Uber Driver who had Licence Revoked had 25 Complaints

An Uber driver who had his city licence revoked was found to have had 25 other complaints against him over the years.

Uber Driver who had Licence Revoked had 25 Complaints f

"Private hire drivers cannot accept unbooked journeys."

Birmingham magistrates heard that an Uber driver who had his city licence revoked had been the subject of 25 other complaints over the years.

Adeel Javed, of Dudley, had his city licence revoked after he charged £12 from Broad Street to New Street station, a distance of less than one mile.

It was heard that Mr Javed had been previously accused of texting whilst driving, demanding unnecessary extra cash from customers and grabbing another driver by the throat.

However, Mr Javed said he is still working for Uber which has been forced to issue refunds and restrict future trips between him and certain customers.

He claimed the complaints were part of a social media scam where people shared tips on getting “free rides”.

The complaints were revealed on June 17, 2021, as he appealed against the revocation of his licence.

His appeal was rejected as he was branded “not credible” and “not a fit and proper person”.

His licence was revoked in 2020 following a complaint in relation to an incident on November 30, 2019.

Matthew Cullen, representing Birmingham City Council, said:

“The complainant described him charging an extortionate price of £12 from Broad Street to New Street station.

“He was not pre-booked and simply flagged the taxi down.

“Private hire drivers cannot accept unbooked journeys. It is a criminal offence.”

When the Uber driver was questioned, he denied it.

He claimed he was there to pick up from the National Indoor Arena, refused the request from the customer and said they took a photo of his car and complained.

However, Mr Cullen said ANPR cameras contradicted his account because they captured his car leaving the city centre 15 minutes before he said he had picked up his friends.

During an interview, Mr Javed referred to his “positive driving history full of good ratings and no complaints”. But this was far from the case.

In 2019, he received a one-month suspension for allegedly driving down a closed road, whilst he had been suspended 10 years earlier following a criminal conviction for plying for hire.

Uber said there have been 25 complaints against Mr Javed between October 26, 2015, and April 18, 2021.

This included:

  • October 2015 – Speaking on the phone in Bengali whilst driving.
  • April 2016 – Sending pictures of cars to people during a trip.
  • September 2017 – Not moving for a police vehicle with flashing blue lights, making “derogatory” comments to female passengers and checking sports results on his phone.
  • June 2018 – Driving dangerously, swerving and performing an emergency stop in front of another motorist who had “cut him up” before getting out and grabbing him by the throat.
  • July 2019 – Asking passengers to pay £40 in cash for the trip.
  • July 2020 – Not wearing a face mask and telling customers the guidance had changed that day.
  • December 2020 – Charging extra for going a different way due to an ambulance blocking a road.
  • March 2021 – Refusing a booking upon arrival due to the customers’ ethnicity.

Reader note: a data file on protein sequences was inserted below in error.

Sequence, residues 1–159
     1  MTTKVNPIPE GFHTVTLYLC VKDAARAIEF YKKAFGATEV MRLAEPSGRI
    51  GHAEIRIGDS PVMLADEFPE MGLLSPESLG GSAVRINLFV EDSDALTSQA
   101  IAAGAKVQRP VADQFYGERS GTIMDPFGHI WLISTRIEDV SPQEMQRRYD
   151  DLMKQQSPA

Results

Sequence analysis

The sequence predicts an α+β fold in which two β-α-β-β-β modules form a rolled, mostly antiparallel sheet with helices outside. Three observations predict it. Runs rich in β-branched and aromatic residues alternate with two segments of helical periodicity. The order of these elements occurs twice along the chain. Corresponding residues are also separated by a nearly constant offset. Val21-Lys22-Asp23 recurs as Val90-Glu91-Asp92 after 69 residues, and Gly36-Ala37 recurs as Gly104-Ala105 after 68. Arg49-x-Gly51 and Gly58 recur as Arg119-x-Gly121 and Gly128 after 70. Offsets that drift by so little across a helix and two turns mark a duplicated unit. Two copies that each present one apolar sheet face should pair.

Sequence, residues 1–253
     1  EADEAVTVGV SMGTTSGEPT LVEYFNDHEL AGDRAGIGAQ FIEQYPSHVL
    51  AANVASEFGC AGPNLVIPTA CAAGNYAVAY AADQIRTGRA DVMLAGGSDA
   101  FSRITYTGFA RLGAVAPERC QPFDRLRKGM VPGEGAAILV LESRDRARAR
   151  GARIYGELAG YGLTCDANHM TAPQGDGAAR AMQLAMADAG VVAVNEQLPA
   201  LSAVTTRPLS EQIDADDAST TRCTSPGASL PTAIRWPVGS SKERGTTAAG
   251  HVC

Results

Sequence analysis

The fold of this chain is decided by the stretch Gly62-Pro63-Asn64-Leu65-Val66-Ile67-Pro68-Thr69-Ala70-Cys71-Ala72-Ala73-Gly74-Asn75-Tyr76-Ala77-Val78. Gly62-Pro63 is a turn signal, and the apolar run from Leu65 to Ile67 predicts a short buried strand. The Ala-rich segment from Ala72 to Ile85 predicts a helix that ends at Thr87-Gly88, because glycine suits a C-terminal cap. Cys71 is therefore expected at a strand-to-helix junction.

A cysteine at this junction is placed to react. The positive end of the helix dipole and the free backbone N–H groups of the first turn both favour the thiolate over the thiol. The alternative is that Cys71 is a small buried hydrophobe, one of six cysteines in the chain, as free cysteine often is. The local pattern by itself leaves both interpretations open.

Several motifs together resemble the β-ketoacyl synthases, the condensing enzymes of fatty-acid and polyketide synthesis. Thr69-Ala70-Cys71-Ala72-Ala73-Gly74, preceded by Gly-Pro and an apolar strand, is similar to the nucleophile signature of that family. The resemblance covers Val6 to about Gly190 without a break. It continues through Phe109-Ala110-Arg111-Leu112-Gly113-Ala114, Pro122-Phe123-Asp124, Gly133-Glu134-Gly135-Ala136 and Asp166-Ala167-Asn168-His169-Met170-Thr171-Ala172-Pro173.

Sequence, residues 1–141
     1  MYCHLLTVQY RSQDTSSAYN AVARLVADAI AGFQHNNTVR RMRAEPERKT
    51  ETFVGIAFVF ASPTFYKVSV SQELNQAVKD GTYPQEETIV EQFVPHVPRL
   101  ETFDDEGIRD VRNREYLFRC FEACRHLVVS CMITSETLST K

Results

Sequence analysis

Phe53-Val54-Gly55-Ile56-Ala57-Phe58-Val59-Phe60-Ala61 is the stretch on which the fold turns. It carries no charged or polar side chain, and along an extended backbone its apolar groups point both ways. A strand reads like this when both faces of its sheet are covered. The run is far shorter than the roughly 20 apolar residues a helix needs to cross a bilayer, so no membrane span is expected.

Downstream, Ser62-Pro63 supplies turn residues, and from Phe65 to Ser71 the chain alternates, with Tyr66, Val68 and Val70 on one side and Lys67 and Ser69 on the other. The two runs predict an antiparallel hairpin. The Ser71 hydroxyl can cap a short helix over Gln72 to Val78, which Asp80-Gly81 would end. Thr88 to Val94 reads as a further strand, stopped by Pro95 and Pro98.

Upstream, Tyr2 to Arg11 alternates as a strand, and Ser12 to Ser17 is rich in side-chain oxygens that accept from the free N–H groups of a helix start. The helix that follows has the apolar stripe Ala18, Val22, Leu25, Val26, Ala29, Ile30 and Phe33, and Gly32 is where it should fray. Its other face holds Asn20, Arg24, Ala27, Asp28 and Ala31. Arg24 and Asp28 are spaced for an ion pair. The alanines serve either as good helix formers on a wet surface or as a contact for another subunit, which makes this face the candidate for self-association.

On other occasions, Mr Javed had made passengers feel “uncomfortable”.

Mr Javed told the court that he still has a private hire licence with Dudley Council.

He did not respond to all 25 complaints but insisted that the £12 city centre job never happened.

Mr Javed also denied discriminating against three Muslim passengers stating he was Muslim himself.

He also denied grabbing another driver by the throat and stating he only got out to take a photo of his car.

Mr Javed said: “Passengers try to get refunds and money from Uber.

“With social media, when someone gets money back they say ‘do this and get your money back’. They are just trying to get refunds.

“Friends talk to each other. They will say ‘I have a free ride, you can have a free ride if you say this’.”

But magistrates upheld his licence revocation.

The Chair of the Bench told Mr Javed:

“We believe the decision by the council was the correct one.

“The information we heard from Birmingham City Council about the ANPR check and the Uber statement is credible.

“Your explanation, we didn’t find credible.

“We have heard further information from your employer listing 25 complaints from your customers.

“Some are very serious. Your response is they are all making it up to get refunds.

“The complainants are not connected to one another. We find it not credible they are all making a complaint so they can all have a refund.

“A taxi driver’s role has a specific requirement much higher than other public services.

“Birmingham City Council’s decision that you are not a fit and proper person was correct on the balance of probabilities.

“The evidence heard today strengthened this decision.”

Uber said that drivers who have their licences revoked have their accounts deleted and are no longer able to accept jobs via the app.

However, that may not apply to Mr Javed if he still holds a private hire licence from another authority.

Dhiren is a journalism graduate with a passion for gaming, watching films and sports. He also enjoys cooking from time to time. His motto is to “Live life one day at a time.”

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